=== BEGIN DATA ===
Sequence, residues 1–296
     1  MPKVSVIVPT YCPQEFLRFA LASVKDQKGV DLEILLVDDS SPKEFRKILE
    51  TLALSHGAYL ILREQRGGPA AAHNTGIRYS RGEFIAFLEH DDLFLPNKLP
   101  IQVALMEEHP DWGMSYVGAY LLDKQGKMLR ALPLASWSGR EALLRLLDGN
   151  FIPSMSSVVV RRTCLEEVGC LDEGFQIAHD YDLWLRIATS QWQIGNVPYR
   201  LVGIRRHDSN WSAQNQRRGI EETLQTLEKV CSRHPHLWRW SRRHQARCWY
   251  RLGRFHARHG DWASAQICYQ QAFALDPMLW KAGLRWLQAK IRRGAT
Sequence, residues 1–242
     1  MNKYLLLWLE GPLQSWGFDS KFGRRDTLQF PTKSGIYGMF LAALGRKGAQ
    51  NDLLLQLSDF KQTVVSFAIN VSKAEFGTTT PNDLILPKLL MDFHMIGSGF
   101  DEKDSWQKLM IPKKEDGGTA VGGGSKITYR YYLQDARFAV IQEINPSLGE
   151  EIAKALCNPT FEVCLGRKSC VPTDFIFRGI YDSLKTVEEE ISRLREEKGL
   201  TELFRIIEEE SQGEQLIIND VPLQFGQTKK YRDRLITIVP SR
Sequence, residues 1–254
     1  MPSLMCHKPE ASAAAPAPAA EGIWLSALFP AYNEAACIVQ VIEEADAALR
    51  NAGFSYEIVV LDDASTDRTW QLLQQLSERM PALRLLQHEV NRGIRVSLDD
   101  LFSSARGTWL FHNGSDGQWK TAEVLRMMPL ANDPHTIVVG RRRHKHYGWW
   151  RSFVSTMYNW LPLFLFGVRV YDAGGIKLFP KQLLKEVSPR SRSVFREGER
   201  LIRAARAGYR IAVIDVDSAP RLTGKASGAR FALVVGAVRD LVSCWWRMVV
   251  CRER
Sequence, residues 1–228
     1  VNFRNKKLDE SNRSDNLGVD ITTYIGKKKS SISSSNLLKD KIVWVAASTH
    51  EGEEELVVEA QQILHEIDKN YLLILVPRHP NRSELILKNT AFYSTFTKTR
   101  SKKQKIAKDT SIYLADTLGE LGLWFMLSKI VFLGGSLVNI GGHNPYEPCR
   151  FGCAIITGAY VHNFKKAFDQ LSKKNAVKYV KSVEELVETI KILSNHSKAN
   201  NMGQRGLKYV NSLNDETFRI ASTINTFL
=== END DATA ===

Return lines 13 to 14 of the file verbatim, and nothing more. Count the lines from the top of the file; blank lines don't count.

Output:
   201  TELFRIIEEE SQGEQLIIND VPLQFGQTKK YRDRLITIVP SR
Sequence, residues 1–254